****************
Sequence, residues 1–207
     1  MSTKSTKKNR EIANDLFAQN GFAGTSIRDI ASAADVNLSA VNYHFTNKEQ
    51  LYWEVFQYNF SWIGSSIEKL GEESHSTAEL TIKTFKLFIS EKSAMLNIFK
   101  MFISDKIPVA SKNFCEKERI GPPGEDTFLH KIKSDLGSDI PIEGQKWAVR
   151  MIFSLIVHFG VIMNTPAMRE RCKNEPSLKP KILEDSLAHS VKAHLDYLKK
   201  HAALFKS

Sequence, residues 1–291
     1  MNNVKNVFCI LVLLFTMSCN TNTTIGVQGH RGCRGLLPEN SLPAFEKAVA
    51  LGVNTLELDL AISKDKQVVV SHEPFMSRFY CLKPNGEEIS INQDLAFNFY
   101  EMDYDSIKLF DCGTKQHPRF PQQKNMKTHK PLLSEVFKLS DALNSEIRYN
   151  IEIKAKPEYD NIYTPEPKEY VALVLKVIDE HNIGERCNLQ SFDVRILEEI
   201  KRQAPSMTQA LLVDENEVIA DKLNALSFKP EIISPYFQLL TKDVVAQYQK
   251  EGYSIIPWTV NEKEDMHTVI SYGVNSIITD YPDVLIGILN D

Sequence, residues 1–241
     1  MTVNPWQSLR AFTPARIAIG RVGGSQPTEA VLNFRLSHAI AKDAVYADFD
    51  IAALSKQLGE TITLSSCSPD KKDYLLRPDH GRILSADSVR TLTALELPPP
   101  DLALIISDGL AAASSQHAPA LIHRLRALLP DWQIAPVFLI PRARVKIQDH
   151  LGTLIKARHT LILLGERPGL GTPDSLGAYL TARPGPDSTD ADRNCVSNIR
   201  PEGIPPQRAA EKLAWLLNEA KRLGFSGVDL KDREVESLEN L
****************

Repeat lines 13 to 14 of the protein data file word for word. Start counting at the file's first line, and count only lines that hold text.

   251  EGYSIIPWTV NEKEDMHTVI SYGVNSIITD YPDVLIGILN D

Sequence, residues 1–241